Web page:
Also found in: Thesaurus.
v. cloyed, cloy·ing, cloys
To cause distaste or disgust by supplying with too much of something originally pleasant, especially something rich or sweet; surfeit.
To be too filling, rich, or sweet.
[Short for obsolete accloy, to clog, from Middle English acloien, from Old French encloer, to drive a nail into, from Medieval Latin inclāvāre : Latin in-, in; see in-2 + Latin clāvāre, to nail (from clāvus, nail).]
to make weary or cause weariness through an excess of something initially pleasurable or sweet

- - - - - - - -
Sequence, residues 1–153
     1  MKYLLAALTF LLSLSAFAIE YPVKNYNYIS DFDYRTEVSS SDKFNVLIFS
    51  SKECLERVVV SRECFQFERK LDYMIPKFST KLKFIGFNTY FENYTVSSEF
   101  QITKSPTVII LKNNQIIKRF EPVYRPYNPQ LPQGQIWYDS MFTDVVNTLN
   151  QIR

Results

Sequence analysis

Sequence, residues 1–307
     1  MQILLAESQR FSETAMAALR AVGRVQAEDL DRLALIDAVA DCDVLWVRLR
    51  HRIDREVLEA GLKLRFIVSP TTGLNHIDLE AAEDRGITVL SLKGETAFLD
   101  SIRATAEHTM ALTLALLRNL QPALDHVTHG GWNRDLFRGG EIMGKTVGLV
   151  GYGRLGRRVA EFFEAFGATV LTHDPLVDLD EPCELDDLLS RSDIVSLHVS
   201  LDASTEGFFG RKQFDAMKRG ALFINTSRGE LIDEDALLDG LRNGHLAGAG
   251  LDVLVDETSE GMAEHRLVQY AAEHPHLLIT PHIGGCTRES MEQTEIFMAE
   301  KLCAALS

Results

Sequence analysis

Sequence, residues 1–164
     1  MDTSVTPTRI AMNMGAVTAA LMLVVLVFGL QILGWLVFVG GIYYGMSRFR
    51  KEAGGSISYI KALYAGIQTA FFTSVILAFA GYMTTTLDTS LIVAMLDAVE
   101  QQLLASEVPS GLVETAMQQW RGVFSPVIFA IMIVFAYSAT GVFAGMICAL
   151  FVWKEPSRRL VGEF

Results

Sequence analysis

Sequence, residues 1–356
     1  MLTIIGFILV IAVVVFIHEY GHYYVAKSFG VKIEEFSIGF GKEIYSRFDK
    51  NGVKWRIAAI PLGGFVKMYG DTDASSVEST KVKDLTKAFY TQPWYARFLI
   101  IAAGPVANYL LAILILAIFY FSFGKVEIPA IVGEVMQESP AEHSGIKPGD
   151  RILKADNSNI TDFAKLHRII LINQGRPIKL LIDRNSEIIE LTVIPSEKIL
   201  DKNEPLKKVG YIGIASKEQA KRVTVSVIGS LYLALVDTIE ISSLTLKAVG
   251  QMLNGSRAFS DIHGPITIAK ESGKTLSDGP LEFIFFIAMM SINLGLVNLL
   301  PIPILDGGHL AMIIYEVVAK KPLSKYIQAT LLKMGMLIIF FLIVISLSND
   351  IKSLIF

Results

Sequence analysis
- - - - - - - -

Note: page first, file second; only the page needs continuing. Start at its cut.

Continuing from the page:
[C14 (originally: to nail, hence, to obstruct): from earlier acloyen, from Old French encloer, from Medieval Latin inclavāre, from Latin clāvāre to nail, from clāvus a nail]
1. to weary by excess; surfeit; satiate.v.i.
2. to become wearisome or distasteful through excess.
[1350–1400; aph. variant of Middle English acloyen < Middle French enclo(y)er < Late Latin inclāvāre to nail in =in- in-2 + -clāvāre, v. derivative of clāvus nail]
Past participle: cloyed
Switch to new thesaurus
|Verb||1.||cloy - supply or feed to surfeit|
|2.||cloy - cause surfeit through excess though initially pleasing; "Too much spicy food cloyed his appetite"|